May 10, 2012
I’ll never forget the first time I was “perfumed” in Paris. After spritzing and sniffing numerous scents at a parfumerie in the Marais, I settled on L’Eau d’Issey by Issey Miyake, a citrusy floral just right for warmer weather. The chic saleswoman held the tester aloft angled in my direction. “Je vous parfume, mademoiselle?” she asked, dousing me head to toe in a scented shower of Issey.
Not since have I worn quite so much scent but will admit to feeling quite glam that afternoon as I trailed its sweet essence through the streets of Paris. It was an early lesson in the seductive power of fragrance.
That was more than ten years ago and I’ve tried many perfumes since. While I love the idea of a signature scent, I can’t seem to commit to just one. With so much wonderful choice and temptation, why settle? But whether true to one fragrance or scent schizophrenics like me, French women are united in a deep devotion to perfume.
The average French person spends 40€ per year on it, more than anywhere else in the world. Like fine lingerie, fragrance is deeply embedded in the French style psyche – both for its sensuality and evocative powers. Icons of French style perpetuate the mystique.
Catherine Deneuve – a great lover of perfume and muse to renowned perfumers Francis Kurkdjian and Frederic Malle – claims to vary her scent for different roles. Her enduring favorite? The classic, l’Heure Bleue by Guerlain. As for men’s fragrance, she has said that she once loved a man who wore Dior’s Eau Sauvage; she finds it intolerable on anyone else.
For those looking to add scent to their seduction arsenal à la Parisienne, here’s our look at some enduring favorites as well as tantalizing modern French scents.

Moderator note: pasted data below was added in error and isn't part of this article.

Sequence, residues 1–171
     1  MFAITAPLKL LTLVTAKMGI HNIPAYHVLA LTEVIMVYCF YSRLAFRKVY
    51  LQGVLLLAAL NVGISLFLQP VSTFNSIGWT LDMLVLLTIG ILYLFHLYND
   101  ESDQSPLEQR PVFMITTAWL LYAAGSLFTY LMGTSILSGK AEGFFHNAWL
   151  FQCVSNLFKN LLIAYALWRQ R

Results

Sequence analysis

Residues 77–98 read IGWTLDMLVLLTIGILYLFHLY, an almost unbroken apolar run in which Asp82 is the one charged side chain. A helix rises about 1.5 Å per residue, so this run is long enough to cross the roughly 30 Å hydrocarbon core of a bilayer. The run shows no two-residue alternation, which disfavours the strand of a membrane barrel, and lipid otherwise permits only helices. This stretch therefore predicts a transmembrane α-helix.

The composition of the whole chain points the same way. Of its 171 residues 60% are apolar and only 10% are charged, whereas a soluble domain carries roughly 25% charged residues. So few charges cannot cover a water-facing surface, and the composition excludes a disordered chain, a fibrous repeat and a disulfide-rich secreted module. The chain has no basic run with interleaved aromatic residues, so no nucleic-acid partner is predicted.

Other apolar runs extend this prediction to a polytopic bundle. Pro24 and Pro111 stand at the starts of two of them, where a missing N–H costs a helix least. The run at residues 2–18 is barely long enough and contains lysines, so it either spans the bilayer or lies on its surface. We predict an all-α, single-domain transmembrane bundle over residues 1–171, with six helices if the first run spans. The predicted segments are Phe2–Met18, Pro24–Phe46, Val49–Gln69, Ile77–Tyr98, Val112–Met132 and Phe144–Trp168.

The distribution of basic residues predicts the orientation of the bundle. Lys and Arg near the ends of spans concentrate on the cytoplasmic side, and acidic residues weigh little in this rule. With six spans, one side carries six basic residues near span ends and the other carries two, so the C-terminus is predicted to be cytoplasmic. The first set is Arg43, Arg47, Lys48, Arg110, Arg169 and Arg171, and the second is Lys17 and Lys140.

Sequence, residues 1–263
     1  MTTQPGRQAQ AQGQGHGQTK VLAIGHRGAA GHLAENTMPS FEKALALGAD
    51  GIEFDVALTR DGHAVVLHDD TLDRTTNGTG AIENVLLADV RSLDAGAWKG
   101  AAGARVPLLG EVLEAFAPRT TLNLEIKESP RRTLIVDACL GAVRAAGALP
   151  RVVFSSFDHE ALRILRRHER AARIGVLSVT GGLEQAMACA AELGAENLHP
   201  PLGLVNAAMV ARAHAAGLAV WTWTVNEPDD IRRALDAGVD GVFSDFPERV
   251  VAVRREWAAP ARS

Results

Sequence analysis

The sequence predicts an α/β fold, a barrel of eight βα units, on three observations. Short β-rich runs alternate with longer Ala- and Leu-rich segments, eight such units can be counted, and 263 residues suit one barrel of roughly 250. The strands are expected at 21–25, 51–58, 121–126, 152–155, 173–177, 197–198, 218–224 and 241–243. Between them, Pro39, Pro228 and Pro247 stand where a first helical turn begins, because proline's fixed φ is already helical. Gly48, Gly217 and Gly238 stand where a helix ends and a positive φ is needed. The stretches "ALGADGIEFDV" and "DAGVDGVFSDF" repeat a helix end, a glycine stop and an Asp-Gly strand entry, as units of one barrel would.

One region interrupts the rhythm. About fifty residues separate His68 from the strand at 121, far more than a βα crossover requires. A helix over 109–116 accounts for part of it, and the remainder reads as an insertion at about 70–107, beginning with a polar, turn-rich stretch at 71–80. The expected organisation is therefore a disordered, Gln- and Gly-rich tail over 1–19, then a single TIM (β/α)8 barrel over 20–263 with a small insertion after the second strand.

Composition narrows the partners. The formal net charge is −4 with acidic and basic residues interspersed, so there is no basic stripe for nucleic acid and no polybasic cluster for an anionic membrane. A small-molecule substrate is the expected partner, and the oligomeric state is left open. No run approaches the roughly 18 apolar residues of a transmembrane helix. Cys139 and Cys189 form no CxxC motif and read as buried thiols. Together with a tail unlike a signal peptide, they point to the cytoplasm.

Les Best Sellers. It’s a rare day in Paris that I don’t get a waft of Angel, Thierry Mugler’s enormously popular signature essence. It’s so big in Paris that perfumeries carry shiny tanks of the stuff for easy refills. Dior reigned supreme in 2011 with two of the year’s three top sellers: J’Adore, described as “the essence of absolute femininity” on their website, and Miss Dior Cherie with ads featuring the ubiquitous image of a sweetly seductive Natalie Portman.
Les Classics. Few scents are as emblematic of France – indeed of perfume itself – as Chanel’s original N°5, the scent worn by “Mademoiselle” herself. It’s the world’s top selling scent, continuously in production since being selected by Coco (the fifth scent presented to her by perfumer Ernest Beaux) in 1921. The house of Guerlain refreshed its signature Shalimar in 2011 with the release of Shalimar Parfum Initial, a temptingly luxe floral in a similarly iconic bottle (even if the intentionally girly jus is pink.) Hermès continues to tempt with new offerings such a Un Jardin sur le Nil, part of its “un jardin” series by master perfumer Jean-Claude Ellena (like wet flowers after the rain!). The series complements Hermès mainstays, Calèche and the delicious white floral opulence of 24 Faubourg.
Les Artistes. For French perfumers such as Serge Lutens, Frederic Malle and Annick Goutal (run by Annick’s daughter Camille since her death in 1999), the concept of perfume as art is alive and well. Although their brands are global, they have retained their allure as niche – and deeply French – perfume houses that remain true to traditional methods of creation and production. Relying on natural flower essences and the expertise of a master scent creator or “nose,” these perfumers describe their work as creative, artistic and inspired by memory and romance.
Ask a French woman about her scent and you’re likely to hear a passionate story. She will tell you that her scent is deeply personal and even offer tantalizing tips on how to wear it. Behind the knees, between the breasts and on the neck, bien sur. Unsure where to apply yours? As Coco Chanel said, “wherever you wish to be kissed.”
Written by Paige Bradley Frost
Paige Bradley Frost, a Los Angeles native, moved back to Paris with her young family in 2011 after first living and getting married there in 2000. A lover of French style and cuisine, she spends her days scouting and writing about the city's gems when not chasing after her two young children. Her articles about parenting, culture and lifestyle have appeared on NYTimes.com, the Huffington Post and various other publications. She blogs about her Paris experiences at http://parisdejavu.blogspot.com.
Website: Paris Deja Vu